What the End of the PHE Means for Telemedicine Policies

The Public Health Emergency (PHE) officially ended on May 11, 2023. This has an impact on Telemedicine Policies, so we have created guidance and reference documents to help you navigate the changes. Please note, many of the telehealth flexibilities were initially extended by the 2022 Consolidated Appropriations Act for an additional 151 days after the PHE expires, and then extended until December 31, 2024, by the Omnibus Government Spending Package which passed late last month. 

Below is a breakdown of what is permanent, what is temporary, and what will be ending immediately once the PHE is over. 

Permanent Policies 

  • Medicare reimbursement for eligible telehealth services when the patient is located in a geographically rural area AND in an eligible originating site (i.e. in most cases not the home). 
  • Medicare reimbursement for mental health telehealth services (including audio-only services in some cases), provided that there is an in-person visit within the first six months of an initial telehealth visit and every 12 months thereafter (with certain exceptions). Implementation of this in-person requirement is delayed until Jan. 1, 2025. There is also an exception from the in-person requirement for substance use disorder treatment or a co-occurring mental health disorder and treatment for end stage renal disease. 
  • Medicare reimbursement to federally qualified health centers and rural health clinics, although it will no longer be billed the same or for ‘telehealth’ specifically, for mental health services delivered via audio-only or live video. CMS has redefined a ‘mental health visit’ to now include encounters furnished through interactive, real-time telecommunications technology (which will include audio-only delivery in some cases) for a mental health disorder. 

Temporary Through December 24th, 2024 

  • Medicare reimbursement for telehealth services provided to patients at home, aside from certain exceptions. 
  • Medicare reimbursement for an expanded list of eligible providers, such as occupational therapists, physical therapists, speech language pathologists and audiologists. 
  • Medicare coverage of audio-only telehealth for non-mental health visits. Reimbursement of FQHCs and RHCs as distant site telehealth providers for non-mental health services. As noted above, FQHCs and RHCs will continue to be reimbursed for ‘interactive, real-time telecommunications technology’ for a mental health disorder but these are not regarded as “telehealth” services for these entities.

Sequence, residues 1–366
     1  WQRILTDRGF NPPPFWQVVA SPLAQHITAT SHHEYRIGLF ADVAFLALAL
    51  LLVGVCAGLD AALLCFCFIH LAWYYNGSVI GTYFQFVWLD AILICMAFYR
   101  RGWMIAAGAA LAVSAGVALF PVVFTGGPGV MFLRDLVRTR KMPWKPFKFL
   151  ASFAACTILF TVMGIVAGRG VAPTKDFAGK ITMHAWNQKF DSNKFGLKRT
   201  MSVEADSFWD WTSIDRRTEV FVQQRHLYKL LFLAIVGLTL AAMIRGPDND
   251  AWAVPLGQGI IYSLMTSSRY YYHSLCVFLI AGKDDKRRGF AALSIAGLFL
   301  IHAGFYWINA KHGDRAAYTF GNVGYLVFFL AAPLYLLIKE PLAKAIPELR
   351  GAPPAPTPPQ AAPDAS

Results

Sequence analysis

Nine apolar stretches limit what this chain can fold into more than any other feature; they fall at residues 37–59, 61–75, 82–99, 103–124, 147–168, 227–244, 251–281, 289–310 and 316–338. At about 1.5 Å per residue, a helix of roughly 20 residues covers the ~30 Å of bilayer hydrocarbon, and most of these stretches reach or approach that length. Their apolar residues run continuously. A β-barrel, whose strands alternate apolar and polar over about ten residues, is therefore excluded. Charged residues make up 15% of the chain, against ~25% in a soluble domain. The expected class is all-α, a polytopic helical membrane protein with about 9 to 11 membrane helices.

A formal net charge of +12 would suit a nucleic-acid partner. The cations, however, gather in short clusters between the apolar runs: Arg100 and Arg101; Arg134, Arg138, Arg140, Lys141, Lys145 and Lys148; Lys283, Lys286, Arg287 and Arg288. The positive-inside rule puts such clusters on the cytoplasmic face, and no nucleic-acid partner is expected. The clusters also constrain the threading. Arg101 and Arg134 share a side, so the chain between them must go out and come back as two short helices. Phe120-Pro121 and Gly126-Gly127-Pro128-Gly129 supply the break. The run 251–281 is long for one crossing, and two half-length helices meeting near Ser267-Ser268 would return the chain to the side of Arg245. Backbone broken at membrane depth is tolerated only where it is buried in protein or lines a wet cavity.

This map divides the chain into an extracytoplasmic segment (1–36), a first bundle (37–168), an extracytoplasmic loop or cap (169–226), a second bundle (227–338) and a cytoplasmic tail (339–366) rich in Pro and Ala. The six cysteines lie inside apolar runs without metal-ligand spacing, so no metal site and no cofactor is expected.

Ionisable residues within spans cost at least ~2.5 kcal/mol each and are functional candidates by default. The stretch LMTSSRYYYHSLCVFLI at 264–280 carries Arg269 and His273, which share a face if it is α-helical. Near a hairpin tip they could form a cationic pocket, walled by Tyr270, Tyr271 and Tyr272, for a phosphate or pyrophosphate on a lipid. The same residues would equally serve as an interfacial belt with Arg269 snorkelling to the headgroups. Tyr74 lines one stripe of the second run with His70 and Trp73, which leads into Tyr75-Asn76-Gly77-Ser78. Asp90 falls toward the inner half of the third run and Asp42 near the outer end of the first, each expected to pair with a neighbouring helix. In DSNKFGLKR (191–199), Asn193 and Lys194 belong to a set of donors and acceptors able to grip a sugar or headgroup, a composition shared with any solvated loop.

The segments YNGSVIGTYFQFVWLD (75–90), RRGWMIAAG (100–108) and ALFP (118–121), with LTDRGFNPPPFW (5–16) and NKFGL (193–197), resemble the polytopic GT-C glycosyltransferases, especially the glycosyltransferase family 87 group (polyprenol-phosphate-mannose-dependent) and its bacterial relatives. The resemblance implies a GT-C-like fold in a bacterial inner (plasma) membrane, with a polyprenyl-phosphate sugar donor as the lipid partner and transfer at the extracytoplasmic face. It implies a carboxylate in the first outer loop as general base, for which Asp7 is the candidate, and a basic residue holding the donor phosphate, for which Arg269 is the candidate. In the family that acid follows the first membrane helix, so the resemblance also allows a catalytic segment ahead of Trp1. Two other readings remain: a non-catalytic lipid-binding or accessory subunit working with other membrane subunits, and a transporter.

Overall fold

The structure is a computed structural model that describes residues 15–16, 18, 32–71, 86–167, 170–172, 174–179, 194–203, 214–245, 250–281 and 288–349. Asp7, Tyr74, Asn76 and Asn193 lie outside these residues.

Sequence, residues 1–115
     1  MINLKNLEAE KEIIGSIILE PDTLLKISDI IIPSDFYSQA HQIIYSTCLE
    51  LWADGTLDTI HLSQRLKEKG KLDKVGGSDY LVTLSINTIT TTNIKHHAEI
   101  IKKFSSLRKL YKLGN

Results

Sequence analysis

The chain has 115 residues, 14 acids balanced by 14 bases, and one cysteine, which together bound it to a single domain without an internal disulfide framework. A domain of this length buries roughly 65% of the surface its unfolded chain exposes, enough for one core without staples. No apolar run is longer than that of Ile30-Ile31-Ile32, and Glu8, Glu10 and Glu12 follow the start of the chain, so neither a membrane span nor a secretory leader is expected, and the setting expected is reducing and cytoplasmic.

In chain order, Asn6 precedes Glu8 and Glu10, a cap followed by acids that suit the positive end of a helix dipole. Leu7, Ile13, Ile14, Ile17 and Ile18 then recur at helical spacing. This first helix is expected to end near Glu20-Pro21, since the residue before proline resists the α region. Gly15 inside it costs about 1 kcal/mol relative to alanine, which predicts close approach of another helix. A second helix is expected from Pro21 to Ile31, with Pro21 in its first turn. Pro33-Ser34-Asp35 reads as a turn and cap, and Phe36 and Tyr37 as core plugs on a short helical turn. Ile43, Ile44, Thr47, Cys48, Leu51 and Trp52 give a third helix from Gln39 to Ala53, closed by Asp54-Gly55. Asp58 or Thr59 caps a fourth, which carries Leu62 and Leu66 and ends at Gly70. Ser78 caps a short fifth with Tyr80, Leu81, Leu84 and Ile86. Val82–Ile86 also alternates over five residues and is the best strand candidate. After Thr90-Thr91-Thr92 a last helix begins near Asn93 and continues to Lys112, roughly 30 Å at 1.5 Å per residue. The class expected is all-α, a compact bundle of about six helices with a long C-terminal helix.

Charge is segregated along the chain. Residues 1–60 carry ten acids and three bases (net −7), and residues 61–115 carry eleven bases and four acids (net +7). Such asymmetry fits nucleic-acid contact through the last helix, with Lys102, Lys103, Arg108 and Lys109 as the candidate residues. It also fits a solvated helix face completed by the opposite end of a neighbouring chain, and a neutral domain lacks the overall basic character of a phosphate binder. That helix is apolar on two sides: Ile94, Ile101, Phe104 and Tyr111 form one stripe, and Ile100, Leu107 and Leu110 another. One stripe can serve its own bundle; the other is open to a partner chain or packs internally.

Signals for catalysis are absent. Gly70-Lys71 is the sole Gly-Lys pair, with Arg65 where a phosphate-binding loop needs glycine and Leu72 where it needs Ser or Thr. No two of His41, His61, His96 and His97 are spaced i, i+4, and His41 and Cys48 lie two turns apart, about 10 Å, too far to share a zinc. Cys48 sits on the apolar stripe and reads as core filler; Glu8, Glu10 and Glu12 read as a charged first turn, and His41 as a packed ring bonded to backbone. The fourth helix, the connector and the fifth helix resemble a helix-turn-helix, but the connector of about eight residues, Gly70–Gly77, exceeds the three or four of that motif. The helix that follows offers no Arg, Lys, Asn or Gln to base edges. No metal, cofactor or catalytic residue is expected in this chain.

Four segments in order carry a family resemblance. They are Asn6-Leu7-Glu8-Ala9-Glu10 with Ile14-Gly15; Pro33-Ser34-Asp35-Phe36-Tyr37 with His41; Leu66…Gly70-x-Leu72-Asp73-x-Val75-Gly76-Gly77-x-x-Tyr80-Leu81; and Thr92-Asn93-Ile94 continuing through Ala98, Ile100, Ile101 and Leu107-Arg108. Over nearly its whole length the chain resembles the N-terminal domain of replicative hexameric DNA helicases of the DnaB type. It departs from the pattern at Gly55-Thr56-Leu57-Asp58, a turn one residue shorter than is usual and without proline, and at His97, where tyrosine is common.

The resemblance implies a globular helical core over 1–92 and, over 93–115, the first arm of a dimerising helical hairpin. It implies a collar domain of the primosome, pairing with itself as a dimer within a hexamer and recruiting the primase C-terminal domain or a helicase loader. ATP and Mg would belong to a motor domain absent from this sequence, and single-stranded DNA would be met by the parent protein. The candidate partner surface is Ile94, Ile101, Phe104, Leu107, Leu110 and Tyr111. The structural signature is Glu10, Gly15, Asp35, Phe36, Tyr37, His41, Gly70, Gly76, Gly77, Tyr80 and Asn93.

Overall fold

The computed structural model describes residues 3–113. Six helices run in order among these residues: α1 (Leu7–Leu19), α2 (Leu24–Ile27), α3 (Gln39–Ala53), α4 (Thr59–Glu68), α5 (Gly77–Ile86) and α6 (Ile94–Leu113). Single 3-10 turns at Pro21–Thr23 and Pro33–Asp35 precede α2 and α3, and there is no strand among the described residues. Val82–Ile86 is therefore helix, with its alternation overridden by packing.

• Reimbursement of Medicare telehealth services not included in Medicare’s Categories 1, 2 or 3, will be allowed for a 151-day extension period (unless altered by CMS given the two-year extension of the other telehealth flexibilities) but will expire afterward. Includes codes such phone E/M codes 99441-99443. 

Available through the end of the calendar year that the PHE ends 

  • Codes on Medicare’s Category 3 telehealth list will remain reimbursable through the end of the year in which the PHE ends, likely extending it to Dec. 31, 2023. Some of these codes may eventually be incorporated into Categories 1 (services similar to services already on permanent telehealth list) or 2 (there is sufficient evidence to show service can be provided safely and effectively via telehealth) allowing for permanent Medicare reimbursement. 
  • Virtual presence for direct supervision is available through the end of the calendar year the PHE ends, though CMS continues to consider comments regarding this issue for potential future PFS rulemaking. 

Terminated upon PHE Ending 

  • During the COVID public health emergency, HHS Office for Civil Rights (OCR) applied enforcement discretion to telehealth providers, allowing them to utilize any non-public facing remote communication product, even if they don’t fully comply with the requirements of the Health Insurance Portability and Accountability Act of 1996 (HIPAA). OCR has recently clarified in a FAQ document that the enforcement discretion will remain in effect until the Secretary of HHS declares that the public health emergency no longer exists, or upon expiration date of the declared PHE. OCR will issue a notice to the public when it is no longer exercising its enforcement discretion. 
  • During the emergency, providers were able to prescribe controlled substances without an in-person examination. This flexibility will expire with the end of the PHE, requiring providers to adhere to strict rules. In most cases this will require a patient to be located in a doctor office or hospital registered with the DEA to be prescribed a controlled substance via telehealth. As mentioned previously, a proposed rule would create an additional permanent exception for prescribing buprenorphine in an Opioid Treatment Program (OTP) but has not yet been finalized. 

*State-based policies will vary depending on the end of a given state’s public health emergency and/or state of emergency and may or may not be tied to the end of the federal public health emergency. Almost all of the state waivers related to licensure and private payers have expired, though some Medicaid telehealth flexibilities still remain. 

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